During your second year you will begin to focus on a specific area of illustration, preparing you for your final year of study. Working alongside a specially assigned tutor, as well as small groups you will identify and research a specific area of illustration practice. This will be supported by seminars and lecturers from industry experts.

Context of Illustration
40 credits

Defining and communicating effectively to an audience is key to successful illustration. This module provides an opportunity through a range of briefs for you to begin to define an area of practice within a professional context. You will explore briefs within established discipline areas of illustration such as editorial, publishing, advertising and narrative/sequential.

Live Project
20 credits

This module provides an opportunity for you to apply your knowledge and skills to an external, professional brief. Set by an external client or agency it is an opportunity for you to engage in a professional manner with an aspect of your subject area, developing your employability skills.

Collaborative Practice
20 credits

Collaboration is a vital employability skill within the creative industries and this module allows you to develop these skills, making use of University facilities and with the support of academic staff. Within this module framework you are able to create an interdisciplinary project with students from complementary disciplines across the School and wider Faculty.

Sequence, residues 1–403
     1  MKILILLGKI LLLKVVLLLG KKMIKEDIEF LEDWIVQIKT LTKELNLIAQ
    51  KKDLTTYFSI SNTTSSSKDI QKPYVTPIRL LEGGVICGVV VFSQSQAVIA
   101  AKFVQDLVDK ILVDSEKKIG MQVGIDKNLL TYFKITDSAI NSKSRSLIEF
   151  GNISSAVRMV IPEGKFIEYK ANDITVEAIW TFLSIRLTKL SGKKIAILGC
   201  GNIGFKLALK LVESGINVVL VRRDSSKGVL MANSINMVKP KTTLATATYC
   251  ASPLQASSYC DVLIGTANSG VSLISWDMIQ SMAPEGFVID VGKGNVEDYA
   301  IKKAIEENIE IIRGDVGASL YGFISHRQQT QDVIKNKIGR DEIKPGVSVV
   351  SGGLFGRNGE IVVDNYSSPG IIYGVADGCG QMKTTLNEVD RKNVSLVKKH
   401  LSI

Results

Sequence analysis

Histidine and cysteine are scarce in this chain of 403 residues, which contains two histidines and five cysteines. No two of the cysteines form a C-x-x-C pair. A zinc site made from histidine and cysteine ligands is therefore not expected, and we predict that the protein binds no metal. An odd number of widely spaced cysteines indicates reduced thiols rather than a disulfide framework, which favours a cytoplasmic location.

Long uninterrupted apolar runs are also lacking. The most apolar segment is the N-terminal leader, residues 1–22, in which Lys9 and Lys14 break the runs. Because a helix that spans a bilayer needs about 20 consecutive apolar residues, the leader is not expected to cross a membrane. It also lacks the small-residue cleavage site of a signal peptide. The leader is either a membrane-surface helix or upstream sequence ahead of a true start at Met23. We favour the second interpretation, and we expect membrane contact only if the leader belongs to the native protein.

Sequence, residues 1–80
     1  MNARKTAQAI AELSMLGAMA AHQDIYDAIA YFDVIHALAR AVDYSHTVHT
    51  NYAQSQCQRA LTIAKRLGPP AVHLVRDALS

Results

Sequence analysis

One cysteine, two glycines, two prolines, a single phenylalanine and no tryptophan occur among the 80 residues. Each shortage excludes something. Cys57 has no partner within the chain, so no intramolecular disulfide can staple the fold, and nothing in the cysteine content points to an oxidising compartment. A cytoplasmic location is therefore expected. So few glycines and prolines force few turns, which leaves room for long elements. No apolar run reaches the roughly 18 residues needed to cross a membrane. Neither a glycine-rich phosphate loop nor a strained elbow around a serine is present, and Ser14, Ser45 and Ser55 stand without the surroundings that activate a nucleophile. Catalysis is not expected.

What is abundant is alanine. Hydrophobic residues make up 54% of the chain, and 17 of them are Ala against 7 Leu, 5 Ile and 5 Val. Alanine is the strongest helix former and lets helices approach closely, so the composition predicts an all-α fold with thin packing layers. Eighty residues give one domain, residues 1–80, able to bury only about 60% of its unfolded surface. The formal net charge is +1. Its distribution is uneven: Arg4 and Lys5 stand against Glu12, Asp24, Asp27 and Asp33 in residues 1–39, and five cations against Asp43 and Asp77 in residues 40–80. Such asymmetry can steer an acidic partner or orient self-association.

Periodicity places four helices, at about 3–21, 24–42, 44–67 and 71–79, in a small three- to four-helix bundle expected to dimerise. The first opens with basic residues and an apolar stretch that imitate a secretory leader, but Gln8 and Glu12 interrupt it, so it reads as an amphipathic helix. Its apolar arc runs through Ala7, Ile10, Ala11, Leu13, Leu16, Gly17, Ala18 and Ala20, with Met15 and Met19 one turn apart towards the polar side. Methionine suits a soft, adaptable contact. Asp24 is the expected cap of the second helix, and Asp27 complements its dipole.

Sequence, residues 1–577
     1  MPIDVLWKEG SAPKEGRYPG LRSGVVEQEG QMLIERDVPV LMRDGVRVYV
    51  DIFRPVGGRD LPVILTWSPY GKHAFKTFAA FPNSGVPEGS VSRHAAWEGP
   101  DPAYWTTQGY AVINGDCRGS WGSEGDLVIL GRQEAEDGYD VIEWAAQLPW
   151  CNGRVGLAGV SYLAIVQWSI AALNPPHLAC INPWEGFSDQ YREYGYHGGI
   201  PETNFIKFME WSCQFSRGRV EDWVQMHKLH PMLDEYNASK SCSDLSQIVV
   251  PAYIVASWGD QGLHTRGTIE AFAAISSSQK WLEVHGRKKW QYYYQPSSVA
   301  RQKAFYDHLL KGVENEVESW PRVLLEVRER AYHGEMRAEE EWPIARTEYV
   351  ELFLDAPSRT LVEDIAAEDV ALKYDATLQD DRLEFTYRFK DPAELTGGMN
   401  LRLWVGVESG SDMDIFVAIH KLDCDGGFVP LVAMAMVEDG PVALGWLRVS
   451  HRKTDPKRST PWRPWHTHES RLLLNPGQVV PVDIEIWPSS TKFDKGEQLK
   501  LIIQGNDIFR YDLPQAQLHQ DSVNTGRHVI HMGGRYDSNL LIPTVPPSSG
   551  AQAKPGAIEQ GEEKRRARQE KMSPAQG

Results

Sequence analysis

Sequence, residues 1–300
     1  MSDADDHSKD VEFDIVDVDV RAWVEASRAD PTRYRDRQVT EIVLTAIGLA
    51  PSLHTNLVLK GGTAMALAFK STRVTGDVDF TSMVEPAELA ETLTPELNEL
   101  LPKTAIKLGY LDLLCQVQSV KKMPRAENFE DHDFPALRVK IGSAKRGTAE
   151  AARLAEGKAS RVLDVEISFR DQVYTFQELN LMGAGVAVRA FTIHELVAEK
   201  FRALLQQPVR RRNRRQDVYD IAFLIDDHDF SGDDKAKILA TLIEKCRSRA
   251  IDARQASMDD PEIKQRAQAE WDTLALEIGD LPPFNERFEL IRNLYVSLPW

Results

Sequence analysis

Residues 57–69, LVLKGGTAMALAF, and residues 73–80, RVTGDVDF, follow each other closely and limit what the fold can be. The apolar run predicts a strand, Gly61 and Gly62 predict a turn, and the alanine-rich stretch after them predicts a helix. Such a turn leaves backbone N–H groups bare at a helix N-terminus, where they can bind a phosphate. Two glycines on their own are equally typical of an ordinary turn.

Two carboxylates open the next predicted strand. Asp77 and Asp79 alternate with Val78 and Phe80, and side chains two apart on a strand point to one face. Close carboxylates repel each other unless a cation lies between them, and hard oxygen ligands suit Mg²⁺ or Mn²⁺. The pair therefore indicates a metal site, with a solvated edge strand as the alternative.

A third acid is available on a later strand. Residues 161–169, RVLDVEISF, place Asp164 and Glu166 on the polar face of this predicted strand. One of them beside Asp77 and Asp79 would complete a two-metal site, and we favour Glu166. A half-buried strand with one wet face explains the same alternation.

Identifying Direction
40 credits

This flexible module allows you to identify direction within your own practice and future aspirations. You will undertake approaches that will help define your area of practice which is personalised to your own interests.

In your second year you will have the opportunity to replace 20 credits of study with the following module:

Work Placement
20 credits

The purpose of this module is to enable you to develop professional attributes and subject skills through experience in the work place, and to critically reflect upon your learning in that context. You will normally be expected to arrange your own placement with support from academic staff and BCU Careers.

Final Year

You will develop sustained and original work which will demand a lot of independent study. This will culminate in a dissertation, where you will develop and refine your specialist knowledge of a particular area of practice.

Your final year focuses on your professional future, ensuring your project work provides you with the research and skills you need to prepare yourself for after graduation. You will have the opportunity to showcase your final year project at our Visual Communications graduate show, as well as having the chance to be nominated for a Visual Communication Graduate Award. In the past we have had award sponsors such as illustrator Dave McKean, photographer Brian Griffin and Trevor Beattie.

Critical Practice
60 credits

Critical Practice provides the opportunity to adopt an increasingly autonomous commitment to your individually chosen direction. These directions are established with guidance and academic rigour through individual tutorials, guest professionals, workshops, group discussion and peer participation. It creates an environment where passion and dedication to creative activity can flourish. In this, the qualities of imagination and invention carry a high premium.

Major Project
60 credits